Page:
1. Hi Matt - are you using the Humbrol enamels? I have had some good results using Humbrol's acrylic railway colours, but this is a haphazard way of getting useful pots. I've eventually rejected the Tamiya paints - I have a few pots, but the smell suggests that the solvent is not quite water, the paint goes "off" on the brush within seconds, and it is tricky to get even coverage. The square Revell pots are good, but their shelf life is disappointing. The Citadel paints have changed names (and the new ones are frequently even more stupid/less helpful than the old ones) and I don't really like the silly flip-top pots. Foundry are a mystery to me - everything is sold in multiple shades to facilitate highlighting etc, and for me this all involves expensive online purchases. I have some Vallejo bottles, which I quite like, but I have to buy them online. DecoArt paints are useful - I like them better as time goes on, though the metallics are poor - I can get those at a craft shop at Musselburgh, which is nearer than Edinburgh. The craft shop, of course, can advise me on embroidery thread or jewellery beads, but know nothing about paints. For scenery and buildings I am well placed, since I use sample tins of household wall paints, and we have a colour-matching service in the village hardware store.

      It is a common experience for me to make a train trip into Edinburgh, and spend ages staring (in very poor artificial light) at racks of unknown paint colours in Wonderland or similar, trying to match a plastic cap with what I think was the shade I was looking for. I have had such bad results that my confidence in this process has collapsed, and as often as not I go home with a pot of black or white and nothing else. I have a fine selection of unopened dark reds and dark blues from Tamiya and similar, which I disliked when I got them home!

      A sensible arrangement with an art shop which sold paints which were not called Snot Green or Bubonic Brown would be a good thing, I think. As a side issue, I don't think that the Citadel/GW naming standards have done a great deal to improve the dignity of my hobby with my wife or friends!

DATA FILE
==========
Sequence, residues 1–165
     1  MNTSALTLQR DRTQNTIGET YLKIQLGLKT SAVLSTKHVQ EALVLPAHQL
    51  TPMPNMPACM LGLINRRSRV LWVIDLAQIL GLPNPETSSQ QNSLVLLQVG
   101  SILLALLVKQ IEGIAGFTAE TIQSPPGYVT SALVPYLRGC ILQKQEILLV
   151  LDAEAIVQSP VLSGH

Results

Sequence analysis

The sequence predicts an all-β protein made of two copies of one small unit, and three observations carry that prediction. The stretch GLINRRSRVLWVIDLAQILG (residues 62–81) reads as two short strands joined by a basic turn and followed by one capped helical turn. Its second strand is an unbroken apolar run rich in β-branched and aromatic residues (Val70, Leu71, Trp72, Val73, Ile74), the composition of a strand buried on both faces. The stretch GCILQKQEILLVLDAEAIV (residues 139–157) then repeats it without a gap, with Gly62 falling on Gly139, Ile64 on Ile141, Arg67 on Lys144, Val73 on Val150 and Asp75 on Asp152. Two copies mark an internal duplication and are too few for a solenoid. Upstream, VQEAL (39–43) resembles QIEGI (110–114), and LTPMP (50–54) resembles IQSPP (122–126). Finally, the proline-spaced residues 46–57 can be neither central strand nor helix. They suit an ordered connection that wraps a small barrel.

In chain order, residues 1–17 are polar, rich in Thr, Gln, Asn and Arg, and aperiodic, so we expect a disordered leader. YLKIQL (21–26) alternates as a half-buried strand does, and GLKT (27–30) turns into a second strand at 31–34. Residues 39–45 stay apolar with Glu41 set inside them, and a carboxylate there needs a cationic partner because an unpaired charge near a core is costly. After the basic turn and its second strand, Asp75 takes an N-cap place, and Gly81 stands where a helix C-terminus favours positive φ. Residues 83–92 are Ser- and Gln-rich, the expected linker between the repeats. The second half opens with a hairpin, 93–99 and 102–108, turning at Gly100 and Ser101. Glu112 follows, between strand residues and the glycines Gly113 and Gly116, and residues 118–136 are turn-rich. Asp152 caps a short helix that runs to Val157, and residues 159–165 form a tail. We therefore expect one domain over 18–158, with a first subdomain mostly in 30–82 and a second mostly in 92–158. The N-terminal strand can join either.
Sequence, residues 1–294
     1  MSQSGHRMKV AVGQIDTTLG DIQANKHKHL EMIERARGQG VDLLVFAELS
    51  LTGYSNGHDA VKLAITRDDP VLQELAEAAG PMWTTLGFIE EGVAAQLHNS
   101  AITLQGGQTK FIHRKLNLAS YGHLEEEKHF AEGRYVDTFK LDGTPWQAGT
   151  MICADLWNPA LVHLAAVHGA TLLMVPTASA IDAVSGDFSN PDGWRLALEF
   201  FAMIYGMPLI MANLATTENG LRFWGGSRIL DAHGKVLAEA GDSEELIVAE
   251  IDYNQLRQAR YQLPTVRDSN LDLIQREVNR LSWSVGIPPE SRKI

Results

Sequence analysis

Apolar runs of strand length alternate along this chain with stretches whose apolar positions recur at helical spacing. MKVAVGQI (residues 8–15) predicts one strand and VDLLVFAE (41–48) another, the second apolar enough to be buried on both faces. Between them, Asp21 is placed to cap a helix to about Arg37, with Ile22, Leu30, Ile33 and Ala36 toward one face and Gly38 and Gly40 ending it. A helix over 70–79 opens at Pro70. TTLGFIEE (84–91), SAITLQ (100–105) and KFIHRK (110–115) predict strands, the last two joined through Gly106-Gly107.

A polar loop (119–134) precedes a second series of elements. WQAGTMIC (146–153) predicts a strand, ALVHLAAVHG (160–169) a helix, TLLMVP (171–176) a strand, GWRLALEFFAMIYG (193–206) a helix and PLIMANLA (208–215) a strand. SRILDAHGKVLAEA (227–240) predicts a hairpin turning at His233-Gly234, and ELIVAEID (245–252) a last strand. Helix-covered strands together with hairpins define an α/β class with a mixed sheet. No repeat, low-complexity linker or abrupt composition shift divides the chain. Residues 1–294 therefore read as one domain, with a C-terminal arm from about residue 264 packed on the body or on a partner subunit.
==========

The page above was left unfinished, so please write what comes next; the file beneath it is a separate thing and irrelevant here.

3. Cor, you're tap dancing in a mine field with the paint thing. I use all sorts, mainly because I'm a bit of a paint slut. I tend to favour Vallejo, supplemented by craft paints (Americana seem to be the best round here, but Deco-Art are most commonly available) and the inevitable artist acrylics. The paints aimed at the modelling/wargaming market are expensive to eye watering by anybody's standards, the craft paints cheap (though not always cheerful), with the 'artists' paint probably best value. If you're set on artist's paint, than go for 'flow formula' or 'soft body' or whatever. These are the paints which will suit as the 'heavy body' stuff is for impasto work. You'll probably find W&N Galleria paints most readily available and they are pretty damn' good, but I think you'll also need a bottle of their 'Flow Improver', which does exactly whatit says. You can sub this with a solution of washing up liquid and water, but who wants to pig around with that?

    Having said all that, you're obviously going to select the 'colour' and not thte gimmicky name, but remember that colour charts (actual and online) are notoriously 'approximate'. Also, as with all paints, reds and yellows are absolute bastards or, put another way, have very variable opacity.

    Oh yeah, that £8 charge from the Post Office is just downright robbery. I weep at paying the HMC&R charges, but eight quid for the Post Office to do almost nothing raises my blood pressure by quite a bit.

    1. Thanks Gary - that's useful. The art shop in the village stocks Galeria, I think. I observe that I have a bottle of flow enhancer on the painting desk, so I guess I have been round some of this logic before - or was it someone else? what is for tea, anyway?